• The adverse reactions reported in ≥5% of patients were constipation (33/503, 7%) and nausea (23/503, 5%).
  • Of the 503 dabigatran-treated patients in the entire study period, 101 patients died, 19 within the first day after idarucizumab dosing; each of these deaths could be attributed either as a complication of the index event or associated with co-morbidities.
Thromboembolic Events
  • In the RE-VERSE AD trial, 33 of 503 patients reported thrombotic events, 11 patients within 5 days after treatment with idarucizumab and 22 patients 6 days or more after treatment with idarucizumab.
  • Most of these patients were not on antithrombotic therapy at the time of the event, and in each of these cases, the thrombotic event could be attributed to the underlying medical condition of the patient.
  • Pyrexia, bronchospasm, hyperventilation, rash, and pruritus have been reported in clinical trials with idarucizumab.


  • As with all proteins there is a potential for immunogenicity with idarucizumab. Detection of antibody formation is highly dependent on the sensitivity and specificity of the assay.
  • Additionally, the observed incidence of antibody (including neutralizing antibody) positivity in an assay may be influenced by several factors including assay methodology, sample handling, timing of sample collection, concomitant medications and underlying disease.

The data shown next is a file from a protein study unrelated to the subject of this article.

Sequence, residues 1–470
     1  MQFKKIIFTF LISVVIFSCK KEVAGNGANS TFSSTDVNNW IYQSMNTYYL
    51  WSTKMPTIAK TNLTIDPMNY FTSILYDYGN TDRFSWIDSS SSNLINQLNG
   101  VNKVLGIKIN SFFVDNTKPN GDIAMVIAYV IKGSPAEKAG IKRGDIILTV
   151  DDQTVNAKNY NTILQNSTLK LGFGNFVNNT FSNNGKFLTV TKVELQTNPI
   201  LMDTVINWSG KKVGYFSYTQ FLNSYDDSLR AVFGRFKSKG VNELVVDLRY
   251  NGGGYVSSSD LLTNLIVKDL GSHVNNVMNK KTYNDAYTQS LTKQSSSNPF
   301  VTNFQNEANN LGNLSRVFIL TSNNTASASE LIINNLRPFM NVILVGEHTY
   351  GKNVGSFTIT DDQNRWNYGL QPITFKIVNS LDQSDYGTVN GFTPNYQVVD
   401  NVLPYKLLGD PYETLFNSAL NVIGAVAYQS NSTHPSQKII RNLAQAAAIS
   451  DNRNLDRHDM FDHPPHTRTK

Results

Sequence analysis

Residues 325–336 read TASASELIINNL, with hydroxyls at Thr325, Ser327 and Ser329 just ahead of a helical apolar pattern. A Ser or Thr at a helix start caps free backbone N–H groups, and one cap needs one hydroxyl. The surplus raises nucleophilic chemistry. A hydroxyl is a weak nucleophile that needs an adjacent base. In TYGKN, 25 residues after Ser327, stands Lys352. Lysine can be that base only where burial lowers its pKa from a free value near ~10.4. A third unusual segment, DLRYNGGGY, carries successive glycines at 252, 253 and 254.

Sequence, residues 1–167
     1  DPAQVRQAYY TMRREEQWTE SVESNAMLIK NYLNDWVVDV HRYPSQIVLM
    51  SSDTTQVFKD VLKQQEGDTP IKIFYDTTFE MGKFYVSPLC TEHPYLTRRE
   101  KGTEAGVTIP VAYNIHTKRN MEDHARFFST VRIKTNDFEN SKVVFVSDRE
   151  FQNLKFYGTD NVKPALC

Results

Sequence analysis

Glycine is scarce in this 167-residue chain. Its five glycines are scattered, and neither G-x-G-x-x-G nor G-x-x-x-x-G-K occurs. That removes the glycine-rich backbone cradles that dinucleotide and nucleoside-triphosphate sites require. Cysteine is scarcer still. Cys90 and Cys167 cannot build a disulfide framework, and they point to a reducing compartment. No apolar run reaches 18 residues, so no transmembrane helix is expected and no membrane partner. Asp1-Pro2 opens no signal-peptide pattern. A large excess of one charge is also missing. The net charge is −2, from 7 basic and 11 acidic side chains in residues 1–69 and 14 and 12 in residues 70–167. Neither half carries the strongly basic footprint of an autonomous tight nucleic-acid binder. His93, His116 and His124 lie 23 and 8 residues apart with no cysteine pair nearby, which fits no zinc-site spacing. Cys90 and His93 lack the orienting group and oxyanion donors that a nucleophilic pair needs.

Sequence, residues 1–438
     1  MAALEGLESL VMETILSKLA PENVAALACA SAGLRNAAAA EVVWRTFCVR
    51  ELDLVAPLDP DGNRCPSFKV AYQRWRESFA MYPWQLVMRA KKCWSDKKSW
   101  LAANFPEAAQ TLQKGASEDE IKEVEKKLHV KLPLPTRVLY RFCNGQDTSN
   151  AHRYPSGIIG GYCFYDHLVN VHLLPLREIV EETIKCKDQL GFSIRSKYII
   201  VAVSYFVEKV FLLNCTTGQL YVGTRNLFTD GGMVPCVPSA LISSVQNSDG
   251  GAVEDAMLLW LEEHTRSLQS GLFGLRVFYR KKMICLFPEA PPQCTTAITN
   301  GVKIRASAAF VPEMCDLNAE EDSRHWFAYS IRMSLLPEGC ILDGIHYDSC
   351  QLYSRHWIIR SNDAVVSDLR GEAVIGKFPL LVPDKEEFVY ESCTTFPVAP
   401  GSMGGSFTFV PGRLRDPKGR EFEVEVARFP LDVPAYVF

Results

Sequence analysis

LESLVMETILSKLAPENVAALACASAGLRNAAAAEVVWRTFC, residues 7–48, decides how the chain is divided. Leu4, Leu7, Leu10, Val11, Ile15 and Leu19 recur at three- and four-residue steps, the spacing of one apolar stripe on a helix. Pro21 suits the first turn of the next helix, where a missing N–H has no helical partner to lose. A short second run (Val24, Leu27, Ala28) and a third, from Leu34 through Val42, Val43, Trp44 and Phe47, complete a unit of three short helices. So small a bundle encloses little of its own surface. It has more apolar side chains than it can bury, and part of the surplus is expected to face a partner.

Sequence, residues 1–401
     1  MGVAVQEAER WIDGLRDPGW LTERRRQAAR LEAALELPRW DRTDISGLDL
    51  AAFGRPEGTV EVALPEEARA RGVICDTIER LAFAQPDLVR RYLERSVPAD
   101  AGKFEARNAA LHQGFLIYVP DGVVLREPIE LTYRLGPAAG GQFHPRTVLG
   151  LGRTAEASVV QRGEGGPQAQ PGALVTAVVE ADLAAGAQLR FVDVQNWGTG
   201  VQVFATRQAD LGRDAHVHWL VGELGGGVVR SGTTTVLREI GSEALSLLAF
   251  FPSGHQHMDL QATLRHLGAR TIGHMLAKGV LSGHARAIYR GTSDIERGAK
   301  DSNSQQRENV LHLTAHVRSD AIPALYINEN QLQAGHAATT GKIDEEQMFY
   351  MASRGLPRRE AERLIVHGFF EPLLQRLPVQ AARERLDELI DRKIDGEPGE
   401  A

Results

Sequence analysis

• For these reasons, comparison of the incidence of antibodies to idarucizumab in the studies described below with the incidence of antibodies in other studies or to other products may be misleading.
  • Using an electro-chemiluminescence (ECL) based assay, plasma samples from 283 subjects (224 treated with idarucizumab) in phase I trials and 501 patients were tested for antibodies cross-reacting with idarucizumab. Pre-existing antibodies with cross-reactivity to idarucizumab were detected in approximately 12% (33/283) of the subjects and 4% (19/501) of patients.
  • The majority of pre-existing antibodies were shown to have low titers. No impact on the pharmacokinetics or the reversal effect of idarucizumab or hypersensitivity reactions were observed.
  • Treatment-emergent possibly persisting anti-idarucizumab antibodies with low titers were observed in 4% (10/224) of the subjects and 2% (8/501) of patients treated with idarucizumab. Nine patients were re-dosed with idarucizumab.
  • All nine patients were re-dosed within 6 days after the first idarucizumab dose. None of these patients re-dosed with idarucizumab tested positive for anti-idarucizumab antibodies.
  • The epitope specificity of antibodies to idarucizumab was characterized using probe molecules.
  • For pre-existing antibodies in patients, 95% (18/19) had specificity for the C-terminus, a region of idarucizumab to which dabigatran does not bind.
  • For treatment emergent antibodies in patients, 67% (6/9) had specificity for the C-terminus, 22% (2/9) had specificity for the variable region, and 11% (1/9) had mixed specificity.

What drugs interact with Praxbind (idarucizumab)?

No Information provided

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Medically Reviewed on 10/23/2020
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Professional side effects and drug interactions sections courtesy of the U.S. Food and Drug Administration.